Ms. LINDA T. SANCHEZ of California. Mr. Speaker, I yield myself such time as I may consume.
Mr. Speaker, today I rise in strong support of H.R. 545, the Native American Methamphetamine Enforcement and Treatment Act of 2007. This legislation establishes the clear intent of Members of Congress to assist Native Americans in combating the threat of methamphetamine.
This threat looms great in our country, and nowhere greater than in Native American communities. Studies have shown that Native American communities have more than double the methamphetamine use rates of other communities. According to surveys performed by the Bureau of Indian Affairs, over 70 percent of Indian tribes identified methamphetamine as the drug that poses the greatest threat to their reservation, and also estimated that at least 40 percent of violent crime cases investigated in Indian
country involved methamphetamine in some capacity.
From hearings in the House and from other reports, we learn that current Federal laws and programs designed to prevent the spread of methamphetamine use have proven to be reasonably effective, but we identified serious gaps with respect to protecting our Native American communities from this dangerous drug. Unfortunately, the attempt to fix these gaps in the Combat Methamphetamine Epidemic Act of 2005, passed in the last Congress as part of the USA PATRIOT Improvement and Reauthorization Act
of 2005, inadvertently left out tribal organizations, as well as territories, as eligible applicants for certain grants.
H.R. 545, the Native American Methamphetamine Enforcement and Treatment Act of 2007, corrects that oversight.
Included in the Combat Meth Act were provisions that authorized funding for three important grant programs within the Department of Justice: first, the COPS Hot Spots program; second, the Drug-Endangered Children program; and third, the Pregnant and Parenting Women Offenders program.
Although Native American tribes and territories were included as eligible grant recipients under the Pregnant and Parenting Women Offenders program, they were unintentionally left out as possible grant recipients under the COPS Hot Spots program and the Drug-Endangered Children program.
To correct this oversight, H.R. 545 ensures that territories and Indian tribes are included as eligible grant recipients under programs to, one, address the manufacture, sale and use of methamphetamine; two, aid children in homes in which methamphetamine or other drugs are unlawfully manufactured, distributed, dispensed or used; and three, address methamphetamine use by pregnant and parenting women offenders.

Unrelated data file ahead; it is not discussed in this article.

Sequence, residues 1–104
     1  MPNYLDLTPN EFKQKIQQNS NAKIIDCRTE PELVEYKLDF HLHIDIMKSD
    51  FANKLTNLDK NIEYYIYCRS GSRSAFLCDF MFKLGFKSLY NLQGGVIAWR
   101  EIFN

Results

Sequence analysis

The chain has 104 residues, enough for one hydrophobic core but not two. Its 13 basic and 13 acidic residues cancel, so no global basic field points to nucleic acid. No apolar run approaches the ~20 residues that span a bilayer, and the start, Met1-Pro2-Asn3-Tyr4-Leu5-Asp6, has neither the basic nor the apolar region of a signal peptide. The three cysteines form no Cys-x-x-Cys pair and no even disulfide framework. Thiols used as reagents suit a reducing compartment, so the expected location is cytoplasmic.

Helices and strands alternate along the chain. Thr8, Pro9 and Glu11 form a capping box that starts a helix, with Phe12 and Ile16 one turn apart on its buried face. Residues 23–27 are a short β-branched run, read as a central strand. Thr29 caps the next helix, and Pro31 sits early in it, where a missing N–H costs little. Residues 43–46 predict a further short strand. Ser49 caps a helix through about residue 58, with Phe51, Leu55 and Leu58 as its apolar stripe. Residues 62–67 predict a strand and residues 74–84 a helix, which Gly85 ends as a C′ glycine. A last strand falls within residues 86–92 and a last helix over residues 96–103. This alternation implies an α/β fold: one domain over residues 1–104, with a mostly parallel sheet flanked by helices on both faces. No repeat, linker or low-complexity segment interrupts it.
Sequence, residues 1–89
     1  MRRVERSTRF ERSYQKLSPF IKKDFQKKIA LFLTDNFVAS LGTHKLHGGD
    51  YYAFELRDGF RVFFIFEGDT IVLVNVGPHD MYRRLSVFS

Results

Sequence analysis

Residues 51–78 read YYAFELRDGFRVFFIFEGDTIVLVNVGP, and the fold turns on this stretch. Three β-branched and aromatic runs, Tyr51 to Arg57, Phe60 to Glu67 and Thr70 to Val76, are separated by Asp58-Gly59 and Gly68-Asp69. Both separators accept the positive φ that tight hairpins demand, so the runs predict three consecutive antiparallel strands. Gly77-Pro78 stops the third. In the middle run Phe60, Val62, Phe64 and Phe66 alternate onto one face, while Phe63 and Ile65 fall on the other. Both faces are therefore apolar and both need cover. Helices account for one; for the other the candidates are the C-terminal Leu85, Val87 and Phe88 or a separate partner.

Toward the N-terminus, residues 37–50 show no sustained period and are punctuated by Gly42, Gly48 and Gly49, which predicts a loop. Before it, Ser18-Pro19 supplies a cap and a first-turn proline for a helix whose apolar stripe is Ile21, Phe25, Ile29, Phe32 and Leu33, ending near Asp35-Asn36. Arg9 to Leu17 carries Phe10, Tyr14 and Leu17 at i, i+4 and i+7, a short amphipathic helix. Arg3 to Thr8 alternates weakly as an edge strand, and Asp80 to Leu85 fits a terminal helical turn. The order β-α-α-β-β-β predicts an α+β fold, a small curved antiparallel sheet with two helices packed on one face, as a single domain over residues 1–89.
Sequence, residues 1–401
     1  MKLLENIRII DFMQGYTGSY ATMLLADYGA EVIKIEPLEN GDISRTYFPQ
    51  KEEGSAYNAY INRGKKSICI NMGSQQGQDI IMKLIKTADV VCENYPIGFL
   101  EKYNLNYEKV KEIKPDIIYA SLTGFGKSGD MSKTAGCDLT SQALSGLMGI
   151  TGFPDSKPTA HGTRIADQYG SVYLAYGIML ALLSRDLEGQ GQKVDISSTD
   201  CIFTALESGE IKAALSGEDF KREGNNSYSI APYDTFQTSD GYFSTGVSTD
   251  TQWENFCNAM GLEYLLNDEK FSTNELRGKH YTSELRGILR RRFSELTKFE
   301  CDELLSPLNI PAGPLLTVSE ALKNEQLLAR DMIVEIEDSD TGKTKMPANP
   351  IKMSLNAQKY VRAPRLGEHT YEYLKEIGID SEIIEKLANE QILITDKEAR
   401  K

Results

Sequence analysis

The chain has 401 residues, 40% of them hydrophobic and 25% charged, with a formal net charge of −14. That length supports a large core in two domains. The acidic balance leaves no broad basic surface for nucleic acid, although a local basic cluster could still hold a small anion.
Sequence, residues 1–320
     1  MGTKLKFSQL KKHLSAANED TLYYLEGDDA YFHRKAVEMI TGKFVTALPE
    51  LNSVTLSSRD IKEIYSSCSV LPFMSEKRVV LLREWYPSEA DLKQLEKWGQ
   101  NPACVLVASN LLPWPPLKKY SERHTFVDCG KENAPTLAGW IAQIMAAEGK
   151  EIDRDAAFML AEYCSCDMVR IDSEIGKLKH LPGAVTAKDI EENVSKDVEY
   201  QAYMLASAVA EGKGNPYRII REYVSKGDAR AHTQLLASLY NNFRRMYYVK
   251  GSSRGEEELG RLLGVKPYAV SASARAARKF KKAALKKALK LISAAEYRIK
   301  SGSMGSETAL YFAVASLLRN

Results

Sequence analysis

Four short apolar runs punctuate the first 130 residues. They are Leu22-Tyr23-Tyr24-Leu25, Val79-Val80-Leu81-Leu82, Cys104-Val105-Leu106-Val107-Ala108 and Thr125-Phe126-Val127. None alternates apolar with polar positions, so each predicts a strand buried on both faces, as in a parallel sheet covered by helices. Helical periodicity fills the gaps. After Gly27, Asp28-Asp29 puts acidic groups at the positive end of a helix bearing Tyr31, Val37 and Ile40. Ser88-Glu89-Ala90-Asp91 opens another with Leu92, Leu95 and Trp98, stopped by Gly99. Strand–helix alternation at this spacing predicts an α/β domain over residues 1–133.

I strongly support this important legislation and urge its adoption by the House.
Mr. Speaker, I reserve the balance of my time.
Mr. SMITH of Texas. Mr. Speaker, I yield myself such time as I may consume.
Mr. Speaker, I rise in support of H.R. 545, the Native American Methamphetamine Enforcement and Treatment Act of 2007, which provides urgently needed funds to Native American communities for the enforcement and treatment of methamphetamine addiction.
The Combat Methamphetamine Epidemic Act of 2005 was enacted last year as part of the U.S. PATRIOT Act Improvement and Reauthorization Act. It included three critical grant programs to assist States with America's escalating methamphetamine problem: the COPS Meth Hot Spots program, the Drug-Endangered Children program and the Pregnant and Parenting Women Offenders program. However, the act inadvertently omitted Native American communities from participation in two of these grant programs.
At a hearing before the Crime, Terrorism, and Homeland Security Subcommittee in February, Mr. Ben Shelly, vice president of the Navajo Nation, stated that methamphetamine is the drug of choice in Indian country.
In 2005, 40 percent of all calls seeking police assistance on the Navajo Nation were meth-related. Even more troubling is that 40 percent of all violent crimes committed on the Navajo Nation are directly related to methamphetamine use trafficking.
Mr. Udall of New Mexico, the sponsor of H.R. 545, testified at the hearing that 74 percent of Native Americans surveyed in a recent study say that meth is the single biggest threat to Native American communities today. The Native American Meth Enforcement and Treatment Act corrects this oversight and gives Native Americans full access to all three meth grants. This legislation is critical to our continuing fight to eliminate the meth epidemic in America.
Mr. Speaker, I support this bipartisan legislation and urge my colleagues to do so as well.
Mr. Speaker, I reserve the balance of my time.